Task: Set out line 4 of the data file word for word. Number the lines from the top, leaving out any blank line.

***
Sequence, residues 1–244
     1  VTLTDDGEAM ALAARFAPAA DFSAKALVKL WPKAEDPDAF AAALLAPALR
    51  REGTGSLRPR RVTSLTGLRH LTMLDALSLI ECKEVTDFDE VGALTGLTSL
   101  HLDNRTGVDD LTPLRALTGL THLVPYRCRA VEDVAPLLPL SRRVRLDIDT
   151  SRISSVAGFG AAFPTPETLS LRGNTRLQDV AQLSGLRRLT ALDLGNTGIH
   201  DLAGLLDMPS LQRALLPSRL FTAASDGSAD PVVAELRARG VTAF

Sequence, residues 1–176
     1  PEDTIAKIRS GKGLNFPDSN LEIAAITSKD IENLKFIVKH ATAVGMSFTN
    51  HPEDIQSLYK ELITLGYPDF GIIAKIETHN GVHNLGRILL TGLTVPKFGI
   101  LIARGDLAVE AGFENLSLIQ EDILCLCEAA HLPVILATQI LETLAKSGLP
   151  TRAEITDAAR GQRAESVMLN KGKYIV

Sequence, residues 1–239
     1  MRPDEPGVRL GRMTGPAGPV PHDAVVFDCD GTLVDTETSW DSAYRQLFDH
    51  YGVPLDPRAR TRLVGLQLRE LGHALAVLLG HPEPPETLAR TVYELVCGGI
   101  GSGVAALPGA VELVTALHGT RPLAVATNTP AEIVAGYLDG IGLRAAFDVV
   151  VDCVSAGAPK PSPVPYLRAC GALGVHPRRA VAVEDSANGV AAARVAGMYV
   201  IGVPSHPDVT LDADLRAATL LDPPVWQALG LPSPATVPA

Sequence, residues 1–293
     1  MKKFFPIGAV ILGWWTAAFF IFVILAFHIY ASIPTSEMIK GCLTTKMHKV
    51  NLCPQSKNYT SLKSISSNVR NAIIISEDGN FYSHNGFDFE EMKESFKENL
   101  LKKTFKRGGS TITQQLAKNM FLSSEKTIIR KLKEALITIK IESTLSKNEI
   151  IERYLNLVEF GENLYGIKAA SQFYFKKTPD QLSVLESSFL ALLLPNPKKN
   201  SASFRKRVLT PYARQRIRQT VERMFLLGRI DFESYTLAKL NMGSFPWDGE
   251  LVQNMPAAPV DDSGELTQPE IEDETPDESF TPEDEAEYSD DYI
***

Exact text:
   101  HLDNRTGVDD LTPLRALTGL THLVPYRCRA VEDVAPLLPL SRRVRLDIDT